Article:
It’s a seller’s market because there is currently a limited supply of houses for sale, prices are no longer in free-fall and many sellers are receiving multiple offers above the asking price in bidding wars. Attractive houses at attractive prices are snapped up in fairly short order by eager buyers. On the other hand, buyers have a lot of things going for them right now: discounts of 50 percent or more on fairly new houses, $6,500-$8,000 federal tax incentives if they buy soon and interest rates near historic lows.
“It’s a pseudo-sellers market,” said Shawn Beddingfield, broker associate with Coldwell Banker Amaral & Associates. “We went from a buyer’s market two to three years ago to where it switched over the last year to a pseudo-seller’s market. Technically speaking, it’s a seller’s market. But because prices have come down so far, it’s still a buyer’s market.”
It’s definitely a bonanza for bargain hunters, particularly compared to what houses cost just a few years ago. In Brentwood, a five-bedroom Inverness Court house that sold for $820,000 in 2005 was recently picked up for $365,000. A three-bedroom house on Morro Drive in Antioch that sold for $489,000 in 2006 was recently purchased for $182,000. A three-bedroom Discovery Bay house on Merritt Court that sold for $645,000 in 2006 was snapped up for $305,000 last month. In Oakley a four-bedroom house on Puffin Circle selling for $654,000 in 2006 recently went for $270,000.
“I think the height of the market was four or five years ago,” said Beddingfield. “It took the first couple years to start trending downward. Two years ago and last year we had the inventory glut. It stabilized in the $500,000s and started coming down. The last 10 months to a year we have been below $300,000. Once it flattened out to where we have a month’s worth of supply, that’s where it became a seller’s market, so to speak.”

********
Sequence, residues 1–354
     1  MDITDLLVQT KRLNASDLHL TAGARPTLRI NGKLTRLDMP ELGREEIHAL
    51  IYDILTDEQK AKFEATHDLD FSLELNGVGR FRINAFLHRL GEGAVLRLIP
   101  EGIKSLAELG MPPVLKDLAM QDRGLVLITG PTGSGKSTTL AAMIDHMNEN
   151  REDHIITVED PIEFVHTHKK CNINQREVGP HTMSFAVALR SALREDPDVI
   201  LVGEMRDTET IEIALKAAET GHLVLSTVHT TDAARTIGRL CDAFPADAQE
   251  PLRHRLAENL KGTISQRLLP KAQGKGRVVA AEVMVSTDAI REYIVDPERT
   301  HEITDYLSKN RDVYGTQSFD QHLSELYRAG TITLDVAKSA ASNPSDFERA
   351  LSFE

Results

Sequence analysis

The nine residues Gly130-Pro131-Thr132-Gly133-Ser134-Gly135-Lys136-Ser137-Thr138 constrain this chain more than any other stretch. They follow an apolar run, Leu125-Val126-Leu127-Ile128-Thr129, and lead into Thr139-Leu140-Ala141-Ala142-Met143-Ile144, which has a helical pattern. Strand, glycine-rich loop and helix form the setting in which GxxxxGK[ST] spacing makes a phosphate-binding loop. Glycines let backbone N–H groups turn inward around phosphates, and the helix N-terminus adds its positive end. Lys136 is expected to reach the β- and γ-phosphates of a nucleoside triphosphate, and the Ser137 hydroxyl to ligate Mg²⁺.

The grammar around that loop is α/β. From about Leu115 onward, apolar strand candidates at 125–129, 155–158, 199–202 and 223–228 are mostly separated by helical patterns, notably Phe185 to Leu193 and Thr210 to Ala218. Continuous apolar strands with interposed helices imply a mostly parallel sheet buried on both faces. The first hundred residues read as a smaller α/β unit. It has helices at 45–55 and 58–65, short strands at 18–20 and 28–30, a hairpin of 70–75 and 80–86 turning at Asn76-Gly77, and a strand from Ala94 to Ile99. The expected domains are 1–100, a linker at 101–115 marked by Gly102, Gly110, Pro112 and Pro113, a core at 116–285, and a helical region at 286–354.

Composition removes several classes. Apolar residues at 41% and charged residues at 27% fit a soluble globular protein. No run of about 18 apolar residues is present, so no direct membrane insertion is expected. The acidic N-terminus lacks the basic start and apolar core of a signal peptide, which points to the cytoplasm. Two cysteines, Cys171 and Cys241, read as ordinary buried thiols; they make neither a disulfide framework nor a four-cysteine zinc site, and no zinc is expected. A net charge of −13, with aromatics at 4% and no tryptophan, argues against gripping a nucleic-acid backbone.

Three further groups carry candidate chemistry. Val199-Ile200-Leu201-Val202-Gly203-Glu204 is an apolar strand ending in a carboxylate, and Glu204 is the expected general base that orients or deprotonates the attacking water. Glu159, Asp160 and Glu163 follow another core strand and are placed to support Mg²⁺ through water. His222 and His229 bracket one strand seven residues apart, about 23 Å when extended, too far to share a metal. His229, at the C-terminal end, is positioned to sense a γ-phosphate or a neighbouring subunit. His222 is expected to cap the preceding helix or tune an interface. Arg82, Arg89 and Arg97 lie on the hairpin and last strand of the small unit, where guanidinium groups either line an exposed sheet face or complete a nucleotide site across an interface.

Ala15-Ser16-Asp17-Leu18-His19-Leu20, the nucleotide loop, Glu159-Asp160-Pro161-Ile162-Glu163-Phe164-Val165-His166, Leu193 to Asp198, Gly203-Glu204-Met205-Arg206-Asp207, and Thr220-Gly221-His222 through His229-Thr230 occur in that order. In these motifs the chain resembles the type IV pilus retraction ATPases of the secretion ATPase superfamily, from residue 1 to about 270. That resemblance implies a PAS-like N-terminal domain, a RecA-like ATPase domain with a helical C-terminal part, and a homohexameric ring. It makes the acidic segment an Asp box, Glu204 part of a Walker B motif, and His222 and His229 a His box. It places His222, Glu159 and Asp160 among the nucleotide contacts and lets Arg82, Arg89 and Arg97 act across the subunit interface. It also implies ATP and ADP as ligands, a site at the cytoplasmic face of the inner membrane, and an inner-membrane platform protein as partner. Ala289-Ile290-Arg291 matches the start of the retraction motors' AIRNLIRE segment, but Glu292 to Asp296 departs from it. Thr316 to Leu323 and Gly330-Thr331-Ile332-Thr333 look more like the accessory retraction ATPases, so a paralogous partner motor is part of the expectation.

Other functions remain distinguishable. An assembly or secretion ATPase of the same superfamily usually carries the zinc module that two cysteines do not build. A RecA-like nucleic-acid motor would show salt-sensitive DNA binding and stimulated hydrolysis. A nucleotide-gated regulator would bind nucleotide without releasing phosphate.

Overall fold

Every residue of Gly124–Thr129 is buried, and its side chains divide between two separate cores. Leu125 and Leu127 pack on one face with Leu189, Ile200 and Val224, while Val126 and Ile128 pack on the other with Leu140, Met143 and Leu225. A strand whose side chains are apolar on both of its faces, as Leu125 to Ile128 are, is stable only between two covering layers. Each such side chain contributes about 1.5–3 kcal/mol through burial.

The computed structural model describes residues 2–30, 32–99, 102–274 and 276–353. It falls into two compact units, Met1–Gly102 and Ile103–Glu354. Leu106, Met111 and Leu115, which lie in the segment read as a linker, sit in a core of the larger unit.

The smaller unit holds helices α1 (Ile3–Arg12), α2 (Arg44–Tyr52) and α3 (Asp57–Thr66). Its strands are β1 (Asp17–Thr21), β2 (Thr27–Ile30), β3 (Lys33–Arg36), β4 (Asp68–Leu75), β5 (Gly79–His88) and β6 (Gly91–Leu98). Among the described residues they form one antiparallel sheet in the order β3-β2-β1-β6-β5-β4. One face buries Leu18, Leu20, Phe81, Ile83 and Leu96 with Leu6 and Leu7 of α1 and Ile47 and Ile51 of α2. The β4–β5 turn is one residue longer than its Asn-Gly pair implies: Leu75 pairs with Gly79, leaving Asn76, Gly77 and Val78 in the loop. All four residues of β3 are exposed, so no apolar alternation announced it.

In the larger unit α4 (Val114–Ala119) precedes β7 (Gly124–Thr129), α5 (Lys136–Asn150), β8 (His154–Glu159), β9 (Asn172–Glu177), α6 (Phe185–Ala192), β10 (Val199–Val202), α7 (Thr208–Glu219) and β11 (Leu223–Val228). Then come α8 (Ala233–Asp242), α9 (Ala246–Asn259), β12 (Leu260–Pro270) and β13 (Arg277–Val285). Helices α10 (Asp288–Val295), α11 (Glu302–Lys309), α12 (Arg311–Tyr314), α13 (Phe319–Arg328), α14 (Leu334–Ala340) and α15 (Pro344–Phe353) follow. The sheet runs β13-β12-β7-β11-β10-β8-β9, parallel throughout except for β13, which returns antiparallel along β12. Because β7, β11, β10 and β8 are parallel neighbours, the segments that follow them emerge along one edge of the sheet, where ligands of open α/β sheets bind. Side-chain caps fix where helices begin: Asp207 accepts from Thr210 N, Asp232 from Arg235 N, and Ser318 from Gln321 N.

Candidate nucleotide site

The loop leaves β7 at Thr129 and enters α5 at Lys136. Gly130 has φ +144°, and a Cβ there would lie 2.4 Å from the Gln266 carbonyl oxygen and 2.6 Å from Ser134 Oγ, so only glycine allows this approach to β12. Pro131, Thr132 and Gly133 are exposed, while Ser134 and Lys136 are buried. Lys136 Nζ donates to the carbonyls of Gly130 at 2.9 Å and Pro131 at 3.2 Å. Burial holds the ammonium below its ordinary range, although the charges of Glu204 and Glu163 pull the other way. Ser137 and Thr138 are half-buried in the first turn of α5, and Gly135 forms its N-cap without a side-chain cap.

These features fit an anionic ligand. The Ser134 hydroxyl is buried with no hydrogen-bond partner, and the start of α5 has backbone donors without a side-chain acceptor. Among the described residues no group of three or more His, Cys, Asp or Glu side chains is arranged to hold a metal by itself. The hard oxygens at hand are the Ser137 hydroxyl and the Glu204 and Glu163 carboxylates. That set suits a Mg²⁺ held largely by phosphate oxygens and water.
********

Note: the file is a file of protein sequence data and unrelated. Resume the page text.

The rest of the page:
The real estate bubble was bound to burst because as prices soared into the high six-figures, the affordability index declined to 12 percent – only one in eight Californians could afford to buy a median-priced house. “That’s why so many homes accumulated,” said Beddingfield, who noted that the affordability index is now up to 64 percent. “A much better pool of buyers.”
But making life difficult for that Olympic-size pool of buyers is the wading pool of available houses. There are currently 149 active listings in Brentwood, 82 of them bank-owned and 67 short sales in which the seller owes more than the house is worth. Three years ago there were about 700 active listings.
“Essentially we have a stabilized (market) bottom because we are getting multiple offers and over-asking prices on a lot of them,” said Beddingfield. “A lot of people think the market is still dropping. It has stabilized and if anything taken a slight upward tick. My forecast is that it’s a false bottom and we will still see home prices fall, but not in the rate it has in the past two years – probably in the single digits, somewhere around 5 percent rather 20 or 30 percent. The limited inventory makes it very competitive for buyers.”